All The Queen’s Horses
By Stephen Dwyer
The Queen puts careful thought into the naming of her racehorses. As one would expect, almost all of them are highly personalised. “My Kingdom Of Fife”, “Earl Marshal” and of course Carlton House have raced in the renowned royal colours. Those silks, royal purple with scarlet sleeves and a black velvet cap were the inherited colours of King George IV and King Edward VII. Gold trim and braid is interwoven throughout, sovereignty at its finest.
This week, amidst the regality of Ascot, the monosyllabic name of a chestnut filly by Galileo typifies best the relationship between Queen Elizabeth II and her horses. The filly, a recent 290,000 Guineas acquisition from the family of Soldier Of Fortune (who won an Irish Derby and The Coronation Cup) is simply and befittingly called “Fascination”; more about her later.
The Queen is renowned for being an advocate of the countryside and a matriarch of animals. Admittedly, the fascination with the thoroughbred is not a novel one for a monarch; we are dealing with the “sport of kings” after all. Nonetheless, Queen Elizabeth II is a champion of the sport and one of its greatest ever ambassadors.
The Queen’s interest in horse racing stems from an early age. No doubt it was both fuelled and encouraged by The Queen Mother who was a keen supporter of National Hunt racing. So much so that in 1980, on the occasion of her 80th birthday, The Queen Mother was honoured with the christening of a Championship race at Cheltenham as recognition of her contributions to the sport.
Indeed The Queen Mother had a very successful fifty-year career as an owner with over 400 winners. Today, bronze busts entrusted to her memory adorn Sandown and Prestbury Park. To many, especially those directly affected, she will forever be remembered as a patron of the injured jockeys’ fund.
Up until the time of her death in 2002 at the age of 101, The Queen covered her mother’s racing expenses. It was a stately gesture, one which William Shawcross, official biographer of the late Queen Mother was meant “to enable her to continue the style of life to which she was both accustomed and suited”.
The Queen is one of the most noted owners and breeders of racing thoroughbreds in Great Britain. In 2010 she enjoyed success with ten racecourse wins. Despite keeping a small number of horses in training (running 20-30 each year) she frequently attends equestrian events and is a regular at Cheltenham and Ascot where her hat colour is the topic of much discussion. It is also rumoured that she reads the Racing Papers over breakfast.
Royal Ascot of course is a highpoint in her racing calendar. Over the course of five days, celebrating this year’s Ascot Tercentenary celebrations is an honour that The Queen will hold dear.
She may be considered somewhat of a Royal Ascot specialist. In 1957 she enjoyed success with four winners during Ascot week. To date she has had over 20 winners at the venue. It is said that the monarch knows the track innately. Travelling by carriage along the main straight, she has a very good idea of what the going is like according to the noise that the wheels on the carriage make and also the sounds of the carriage horses as they pull the royal party, according to her Racing Manager Highclere Stud-based John Warren.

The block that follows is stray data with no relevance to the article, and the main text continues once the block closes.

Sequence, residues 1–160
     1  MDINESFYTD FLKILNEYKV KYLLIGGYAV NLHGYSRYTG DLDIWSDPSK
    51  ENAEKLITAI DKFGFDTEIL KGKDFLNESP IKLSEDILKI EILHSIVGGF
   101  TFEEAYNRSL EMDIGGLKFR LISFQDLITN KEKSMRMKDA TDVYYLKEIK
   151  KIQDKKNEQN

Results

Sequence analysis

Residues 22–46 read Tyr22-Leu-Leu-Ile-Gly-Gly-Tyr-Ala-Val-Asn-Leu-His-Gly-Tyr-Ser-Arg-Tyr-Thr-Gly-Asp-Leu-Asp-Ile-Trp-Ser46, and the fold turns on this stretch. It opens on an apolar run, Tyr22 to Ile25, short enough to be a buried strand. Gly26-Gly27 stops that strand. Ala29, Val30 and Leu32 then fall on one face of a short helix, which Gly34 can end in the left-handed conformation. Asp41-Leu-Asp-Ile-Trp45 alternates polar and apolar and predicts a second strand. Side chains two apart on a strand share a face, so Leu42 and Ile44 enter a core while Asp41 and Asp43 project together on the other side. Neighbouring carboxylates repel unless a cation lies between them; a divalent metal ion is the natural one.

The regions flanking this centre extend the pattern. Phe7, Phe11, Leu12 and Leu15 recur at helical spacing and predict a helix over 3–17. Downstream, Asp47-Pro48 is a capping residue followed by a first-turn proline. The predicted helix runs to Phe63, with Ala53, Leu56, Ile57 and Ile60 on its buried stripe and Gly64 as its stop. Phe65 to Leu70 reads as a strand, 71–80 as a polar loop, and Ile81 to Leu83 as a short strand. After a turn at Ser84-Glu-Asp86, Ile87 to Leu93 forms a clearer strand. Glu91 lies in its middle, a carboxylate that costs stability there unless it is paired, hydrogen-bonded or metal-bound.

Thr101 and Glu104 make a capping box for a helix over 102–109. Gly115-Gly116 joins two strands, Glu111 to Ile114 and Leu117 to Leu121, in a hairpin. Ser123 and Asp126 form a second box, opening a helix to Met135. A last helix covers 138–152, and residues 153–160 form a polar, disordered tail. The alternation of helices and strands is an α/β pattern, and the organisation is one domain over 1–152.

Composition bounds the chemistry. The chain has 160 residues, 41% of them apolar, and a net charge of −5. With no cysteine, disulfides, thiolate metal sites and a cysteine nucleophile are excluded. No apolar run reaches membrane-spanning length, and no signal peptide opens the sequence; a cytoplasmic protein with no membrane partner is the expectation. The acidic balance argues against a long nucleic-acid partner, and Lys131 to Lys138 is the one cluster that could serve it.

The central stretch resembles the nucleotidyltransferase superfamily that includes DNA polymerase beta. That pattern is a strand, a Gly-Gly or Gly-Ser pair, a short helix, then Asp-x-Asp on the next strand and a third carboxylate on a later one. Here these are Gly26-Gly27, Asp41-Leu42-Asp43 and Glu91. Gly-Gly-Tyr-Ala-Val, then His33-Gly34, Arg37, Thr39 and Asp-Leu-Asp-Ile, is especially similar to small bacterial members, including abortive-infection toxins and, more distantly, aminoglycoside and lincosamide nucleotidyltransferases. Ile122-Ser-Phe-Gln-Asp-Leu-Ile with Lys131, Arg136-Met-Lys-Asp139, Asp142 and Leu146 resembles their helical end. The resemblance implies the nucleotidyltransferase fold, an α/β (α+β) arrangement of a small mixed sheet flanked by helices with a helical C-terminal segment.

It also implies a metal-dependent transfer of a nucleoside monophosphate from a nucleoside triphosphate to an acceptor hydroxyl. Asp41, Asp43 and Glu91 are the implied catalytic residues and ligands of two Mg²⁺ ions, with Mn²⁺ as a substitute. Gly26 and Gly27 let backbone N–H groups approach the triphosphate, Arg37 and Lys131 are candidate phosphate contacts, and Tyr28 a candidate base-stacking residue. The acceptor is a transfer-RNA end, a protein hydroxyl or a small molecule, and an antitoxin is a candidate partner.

Apart from Royal Ascot, The Queen has visited many training and breeding operations while attending State visits worldwide. In 1984, 1986 and 1991 visits were made to see stallion stations and stud farms in Kentucky.
Only last month, during a very successful State visit to Ireland, the first in 100 years, The Queen visited The National Stud in Kildare as well as attending a private viewing of Sea The Stars at the Aga Khan’s Gilltown Stud.
In particular The National Stud and the Royal Family have been intertwined throughout the years. Horses raised at the stud have won all five classics, including Sun Chariot who won the Oaks for the Queen’s father. George VI. Even now, General Synod, one of The Queen’s strongest runners this season is by the National Stud’s premier stallion, Invincible Spirit. He stands for a fee of €60,000.
Despite the close affiliation with Ireland, it may strike you as unusual that The Queen has only ran two of her horses there since 1996. Barber’s Shop was pulled up in last year’s Guinness Gold Cup at Punchestown while Four Winds finished runner up in the listed Vincent O’ Brien Stakes in Killarney back in 2009. In keeping with the Céad Mile Fáilte, royal runners are welcome anytime.
Happily, success has not evaded the Queen throughout her racing career. Wins of note include her coronation year of 1953 when Aureole was second in the Derby. Since then, she has won all five Classics with the exception of the Derby. Perhaps most famously, she won the Oaks in 1977, her Silver Jubilee year, with Dunfermline.
The quest continues.
To date by the way, the earlier-mentioned filly, Fascination has raced nine times, never winning. Never mind, she is still as loved as the rest of Her Majesty’s stable.
She is and always will be, one of The Queen’s horses.